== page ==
(Adds comments from Uber executive and industry experts)
By Julia Love
MEXICO CITY, Oct 16 (Reuters) - The Mexican Supreme Court on Tuesday struck down a ban on cash fares for ride-hailing firms, setting a key precedent for Uber and other industry players seeking to reach millions of Mexicans without credit cards.
By a vote of 8-3, the court ruled that a ban on cash fares in the small western state of Colima was unconstitutional. Uber does not currently operate in the state.
The ride-hailing firm has fought for the ability to accept cash fares in Mexico, despite concerns that the practice risks making drivers targets for robberies. But in a country where more than 60 percent of the population lacks a bank account, cash fares are a business imperative for Uber, analysts have said.
As it prepares for a planned initial public offering next year, it will be important for Uber to maintain its lead in Mexico and other Latin American markets it dominates.
“We are celebrating this resolution,” said Sergio Romero, the company’s legal director in Mexico. “Our operation, and all the people that now are deciding to pay for their trips in cash, are now protected by the Supreme Court.”
Rival ride-hailing service Cabify also applauded the decision, saying in a statement that it would democratize access for consumers without bank accounts.
Uber operates in 43 cities in Mexico, accepting cash everywhere but the capital and the central state of Puebla, where local governments have blocked that form of payment.
Romero said Uber would not rule out the possibility of legal challenges against those bans following the Supreme Court decision but would seek to work with local governments first.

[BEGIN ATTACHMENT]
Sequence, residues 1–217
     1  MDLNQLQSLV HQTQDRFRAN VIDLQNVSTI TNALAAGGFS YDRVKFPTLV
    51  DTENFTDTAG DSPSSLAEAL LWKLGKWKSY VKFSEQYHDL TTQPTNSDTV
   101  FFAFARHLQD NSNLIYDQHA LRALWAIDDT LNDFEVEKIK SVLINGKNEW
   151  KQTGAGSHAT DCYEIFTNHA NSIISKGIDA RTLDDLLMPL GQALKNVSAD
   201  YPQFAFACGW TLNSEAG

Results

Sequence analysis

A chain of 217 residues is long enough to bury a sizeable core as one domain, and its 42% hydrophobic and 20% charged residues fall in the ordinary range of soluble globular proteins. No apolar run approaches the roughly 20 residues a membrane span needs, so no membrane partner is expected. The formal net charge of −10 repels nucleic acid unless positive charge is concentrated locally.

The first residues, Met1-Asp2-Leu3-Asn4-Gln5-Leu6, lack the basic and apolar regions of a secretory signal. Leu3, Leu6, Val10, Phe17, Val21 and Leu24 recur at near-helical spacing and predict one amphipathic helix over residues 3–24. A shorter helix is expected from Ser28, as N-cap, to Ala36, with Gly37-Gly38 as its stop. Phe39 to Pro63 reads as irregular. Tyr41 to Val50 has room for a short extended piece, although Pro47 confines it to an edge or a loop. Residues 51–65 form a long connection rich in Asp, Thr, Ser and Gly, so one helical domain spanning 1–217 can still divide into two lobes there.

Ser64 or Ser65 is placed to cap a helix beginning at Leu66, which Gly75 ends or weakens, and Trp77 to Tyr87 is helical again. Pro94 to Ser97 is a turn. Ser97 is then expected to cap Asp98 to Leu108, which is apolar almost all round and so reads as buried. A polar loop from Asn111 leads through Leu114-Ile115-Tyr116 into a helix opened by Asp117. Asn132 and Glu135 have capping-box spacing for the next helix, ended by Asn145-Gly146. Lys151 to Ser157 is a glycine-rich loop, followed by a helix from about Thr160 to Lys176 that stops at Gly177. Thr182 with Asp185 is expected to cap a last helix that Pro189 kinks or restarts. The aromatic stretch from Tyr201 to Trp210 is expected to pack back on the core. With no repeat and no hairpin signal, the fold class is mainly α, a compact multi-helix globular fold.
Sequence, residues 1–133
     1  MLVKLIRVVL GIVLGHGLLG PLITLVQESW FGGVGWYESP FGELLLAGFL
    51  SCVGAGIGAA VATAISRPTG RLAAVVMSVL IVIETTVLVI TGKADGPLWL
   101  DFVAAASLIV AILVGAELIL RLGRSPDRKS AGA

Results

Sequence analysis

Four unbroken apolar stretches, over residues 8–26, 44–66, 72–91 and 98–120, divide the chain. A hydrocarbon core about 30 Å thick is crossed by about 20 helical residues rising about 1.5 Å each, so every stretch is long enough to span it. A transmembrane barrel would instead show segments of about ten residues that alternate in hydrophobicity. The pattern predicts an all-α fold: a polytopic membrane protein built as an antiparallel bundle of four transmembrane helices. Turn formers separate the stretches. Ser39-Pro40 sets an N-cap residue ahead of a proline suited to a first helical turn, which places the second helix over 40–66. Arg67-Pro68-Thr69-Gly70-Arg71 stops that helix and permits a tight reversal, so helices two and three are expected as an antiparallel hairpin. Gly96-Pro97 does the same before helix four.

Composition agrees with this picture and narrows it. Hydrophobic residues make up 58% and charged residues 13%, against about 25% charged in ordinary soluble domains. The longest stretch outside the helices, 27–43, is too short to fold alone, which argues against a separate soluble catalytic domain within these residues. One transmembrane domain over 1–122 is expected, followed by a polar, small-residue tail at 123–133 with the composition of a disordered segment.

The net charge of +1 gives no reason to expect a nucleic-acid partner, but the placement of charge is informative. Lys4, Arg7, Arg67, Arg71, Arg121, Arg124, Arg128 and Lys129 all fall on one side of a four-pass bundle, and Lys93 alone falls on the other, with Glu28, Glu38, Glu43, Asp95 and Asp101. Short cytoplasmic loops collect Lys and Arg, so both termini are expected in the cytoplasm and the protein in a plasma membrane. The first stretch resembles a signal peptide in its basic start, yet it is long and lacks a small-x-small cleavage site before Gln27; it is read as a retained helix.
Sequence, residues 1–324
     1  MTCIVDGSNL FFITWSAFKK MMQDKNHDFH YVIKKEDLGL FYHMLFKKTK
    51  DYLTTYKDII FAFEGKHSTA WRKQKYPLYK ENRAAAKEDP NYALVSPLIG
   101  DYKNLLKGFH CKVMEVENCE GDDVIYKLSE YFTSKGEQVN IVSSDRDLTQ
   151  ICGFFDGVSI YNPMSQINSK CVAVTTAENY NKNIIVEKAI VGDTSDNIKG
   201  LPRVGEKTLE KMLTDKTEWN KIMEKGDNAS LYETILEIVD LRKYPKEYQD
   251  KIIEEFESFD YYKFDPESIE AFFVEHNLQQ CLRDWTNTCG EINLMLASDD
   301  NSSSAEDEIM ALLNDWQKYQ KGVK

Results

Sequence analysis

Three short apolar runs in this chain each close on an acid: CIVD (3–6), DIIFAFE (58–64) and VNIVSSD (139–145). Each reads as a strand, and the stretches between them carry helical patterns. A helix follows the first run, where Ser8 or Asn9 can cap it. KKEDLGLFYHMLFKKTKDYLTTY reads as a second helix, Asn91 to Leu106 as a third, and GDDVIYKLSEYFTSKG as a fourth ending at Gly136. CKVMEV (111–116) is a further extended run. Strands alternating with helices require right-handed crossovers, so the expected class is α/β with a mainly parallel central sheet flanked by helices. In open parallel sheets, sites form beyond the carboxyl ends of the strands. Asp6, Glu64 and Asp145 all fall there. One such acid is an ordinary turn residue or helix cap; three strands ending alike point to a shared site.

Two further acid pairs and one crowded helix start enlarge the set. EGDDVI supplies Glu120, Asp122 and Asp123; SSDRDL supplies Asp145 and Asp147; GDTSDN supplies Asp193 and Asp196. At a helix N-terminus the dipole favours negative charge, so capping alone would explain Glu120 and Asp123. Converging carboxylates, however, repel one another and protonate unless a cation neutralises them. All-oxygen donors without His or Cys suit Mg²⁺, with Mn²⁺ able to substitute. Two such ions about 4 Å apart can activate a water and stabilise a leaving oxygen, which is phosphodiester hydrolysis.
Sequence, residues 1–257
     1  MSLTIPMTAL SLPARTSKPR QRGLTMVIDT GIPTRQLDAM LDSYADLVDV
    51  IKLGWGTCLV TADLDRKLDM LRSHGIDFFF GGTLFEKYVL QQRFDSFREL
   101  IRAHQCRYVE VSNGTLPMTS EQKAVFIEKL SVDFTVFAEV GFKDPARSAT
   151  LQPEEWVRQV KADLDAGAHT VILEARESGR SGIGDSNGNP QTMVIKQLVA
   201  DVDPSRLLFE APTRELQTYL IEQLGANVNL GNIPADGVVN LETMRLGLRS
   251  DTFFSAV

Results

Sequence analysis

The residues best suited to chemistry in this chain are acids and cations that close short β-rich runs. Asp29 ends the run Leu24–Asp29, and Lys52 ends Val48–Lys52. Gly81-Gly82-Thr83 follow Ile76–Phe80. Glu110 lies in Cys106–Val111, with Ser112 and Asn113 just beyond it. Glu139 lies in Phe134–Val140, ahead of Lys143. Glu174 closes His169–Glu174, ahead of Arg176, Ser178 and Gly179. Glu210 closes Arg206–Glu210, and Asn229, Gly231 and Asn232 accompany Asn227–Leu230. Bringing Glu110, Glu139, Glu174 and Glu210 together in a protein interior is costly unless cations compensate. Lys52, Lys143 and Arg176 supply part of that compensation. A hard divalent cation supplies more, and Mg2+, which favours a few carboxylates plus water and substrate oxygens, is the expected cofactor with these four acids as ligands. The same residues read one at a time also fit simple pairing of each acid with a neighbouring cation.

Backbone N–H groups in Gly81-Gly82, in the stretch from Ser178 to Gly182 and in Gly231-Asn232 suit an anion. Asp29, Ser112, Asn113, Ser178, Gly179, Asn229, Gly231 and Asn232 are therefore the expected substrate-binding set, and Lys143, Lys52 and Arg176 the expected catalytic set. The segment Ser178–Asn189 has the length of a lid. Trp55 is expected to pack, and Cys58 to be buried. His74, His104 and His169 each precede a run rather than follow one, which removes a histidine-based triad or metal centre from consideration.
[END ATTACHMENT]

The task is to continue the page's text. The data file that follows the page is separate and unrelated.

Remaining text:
More than 50 percent of Uber’s trips in Mexico are paid for in cash, Romero said.
Uber argued that the Colima mobility law, passed last year, discriminated against users who do not have bank accounts and overstepped the state’s bounds as the use of cash is governed by the federal government.
Transportation is regulated by states in Mexico, and a complicated patchwork of ride-hailing regulation has emerged since Uber’s arrival in 2013. For example, while cash fares are banned in Mexico City, they are permitted as soon as drivers cross into the surrounding state of Mexico.
“I think it is a step in the right direction (for ride-hailing companies) to see a higher court take a stand and set the rules of the game,” said Edgardo Rivera, a former country manager of Cabify who is now co-chief executive of Bancompara, a loan comparison start-up.
The case before the Supreme Court was brought by Colima lawmakers who objected to the regulation.
The Supreme Court found last year in a separate case that bans on cash fares were unconstitutional, but fell short of the majority needed to set a precedent.
Ruling on another aspect of the regulation, the Supreme Court rejected a cap on the number of ride-hailing drivers who can work at any given moment, handing another win to companies in the sector. (Reporting by Julia Love; Editing by Leslie Adler and Peter Cooney)